Overview and detail with deformation/ transformation (i.e.fisheye or magic lenses) Deformation might allow enough room for labels to fit. (not guaranteed). May require tool or mode to be selected. 
Global deformation of space (e.g., Hyperbolic Browser) Requires intensive navigation and dexterity to rapidly deform the space and reveal all labels (e.g., by fanning the space).
Dynamic sampling (Chalmers et al.) Few labels are visible.
NEW Excentric labeling Fast, no tool or special skill needed. Spread overlapping labels, and align them for ease of reading.

Table 1: Taxonomy of labeling techniques


Excentric labeling is a dynamic technique of neighborhood labeling for data visualization (Figure 1 to 3). When the cursor stays more than one second over an area where objects are available, all labels in the neighborhood of the cursor are shown without overlap, and aligned to facilitate rapid reading. A circle centered on the position of the cursor defines the neighborhood or focus region. A line connects each label to the corresponding object. The style of the lines matches the object attributes (e.g., color). The text of the label always appears in black on a white background for better readability. Once the excentric labels are displayed, users can move the cursor around the window and the excentric labels are updated dynamically. Excentric labeling stops either when an interaction is started (e.g., a mouse click) or the user moves the cursor quickly to leave the focus region. This labeling technique does not require the use of special interface tool. Labels are readable (non overlapping and aligned), they are non-ambiguously related to their graphical objects and they don't hide any information inside the user's focus region.

Algorithm and Variations

To compute the layout of labels, we experimented with several variants of the following algorithm:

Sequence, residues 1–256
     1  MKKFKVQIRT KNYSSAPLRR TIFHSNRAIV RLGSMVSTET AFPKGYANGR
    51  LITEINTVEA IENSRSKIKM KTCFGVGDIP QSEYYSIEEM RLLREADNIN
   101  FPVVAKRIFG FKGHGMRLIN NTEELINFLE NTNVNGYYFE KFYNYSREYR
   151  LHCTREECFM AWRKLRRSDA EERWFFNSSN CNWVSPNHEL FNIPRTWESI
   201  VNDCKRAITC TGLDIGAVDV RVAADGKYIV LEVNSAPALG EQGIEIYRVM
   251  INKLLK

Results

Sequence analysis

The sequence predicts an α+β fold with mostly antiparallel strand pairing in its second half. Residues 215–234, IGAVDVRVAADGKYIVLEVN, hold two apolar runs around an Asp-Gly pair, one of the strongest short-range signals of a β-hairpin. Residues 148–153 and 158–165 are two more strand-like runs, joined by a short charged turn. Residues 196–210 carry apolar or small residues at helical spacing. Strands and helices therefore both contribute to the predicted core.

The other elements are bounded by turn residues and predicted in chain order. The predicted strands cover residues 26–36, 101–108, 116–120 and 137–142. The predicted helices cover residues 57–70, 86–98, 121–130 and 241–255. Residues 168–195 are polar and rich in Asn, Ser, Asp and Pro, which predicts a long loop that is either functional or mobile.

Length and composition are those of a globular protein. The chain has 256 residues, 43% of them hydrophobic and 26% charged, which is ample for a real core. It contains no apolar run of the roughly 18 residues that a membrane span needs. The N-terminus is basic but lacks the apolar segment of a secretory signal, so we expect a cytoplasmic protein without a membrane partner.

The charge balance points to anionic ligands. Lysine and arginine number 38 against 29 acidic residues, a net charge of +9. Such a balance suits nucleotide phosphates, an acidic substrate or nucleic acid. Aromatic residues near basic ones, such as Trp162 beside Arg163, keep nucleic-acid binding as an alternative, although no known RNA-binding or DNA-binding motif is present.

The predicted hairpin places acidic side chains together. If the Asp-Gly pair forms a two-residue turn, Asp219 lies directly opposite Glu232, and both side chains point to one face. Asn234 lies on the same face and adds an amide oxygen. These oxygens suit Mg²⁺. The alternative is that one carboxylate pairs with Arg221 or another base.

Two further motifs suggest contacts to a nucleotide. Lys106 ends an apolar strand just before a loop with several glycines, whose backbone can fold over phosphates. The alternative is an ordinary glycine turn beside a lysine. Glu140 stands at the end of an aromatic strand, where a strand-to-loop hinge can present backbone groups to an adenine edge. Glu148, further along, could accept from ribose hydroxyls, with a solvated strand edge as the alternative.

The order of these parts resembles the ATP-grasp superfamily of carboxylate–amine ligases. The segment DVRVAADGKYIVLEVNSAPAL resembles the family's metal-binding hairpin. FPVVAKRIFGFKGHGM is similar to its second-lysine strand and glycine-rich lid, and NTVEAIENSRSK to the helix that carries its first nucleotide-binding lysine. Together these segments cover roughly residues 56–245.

1. Extract each label and position for interesting graphic objects in the focus region.
  2. Compute an initial position.
  3. Compute an ordering.
  4. Assign the labels to either a right or left set.
  5. Stack the left and right labels according to their order.
  6. Minimize the vertical distance of each set from the computed initial position.
  7. Add lines to connect the labels to their related graphic object.
So far, we have used three main variations of this algorithm: non-crossing lines labeling, vertically coherent labeling and horizontally coherent labeling (the last two can be combined). Each uses a different method to compute the initial position, the ordering, to assign the labels to the stacks and to join the labels to their related graphic objects.

Non-Crossing Lines Labeling Ė Radial Labeling

The non-crossing lines labeling layout (Figure 4) does not maintain the vertical or horizontal ordering of labels, but avoids line crossings. This technique facilitates the task of tracing the label back to the corresponding object. It can be used in cartography-like applications where ordering is unimportant. The initial position on the circle (step 2 of previous section) is computed with a radial projecting onto the circumference of the focus circle. It is always possible to join the object to the circumference without crossing another radial spoke (but two radii - or spokes- may overlap). Then, we order spokes in counter-clockwise order starting at the top (step 3). The left set is filled with labels from the top to the bottom and the right set is filled with the rest.

Labels are left justified and regularly spaced vertically. We maintain a constant margin between the left and right label blocks and the focus circle to draw the connecting lines.

For the left part, three lines are used to connect objects to their label: from the object to the position on the circumference, then to the left margin, and to the right side of the label box. This third segment is kept as small as possible for compactness, therefore barely visible in Figure 4, except for the bottom-left label. For the right labels, only two lines are used from the object to the initial position to the left of the label. The margins contain the lines between the circumference and the labels.

Figure 4: This figure shows the same data as in Figure 1 but using the non-crossing - or radial - algorithm.

Vertically Coherent Labeling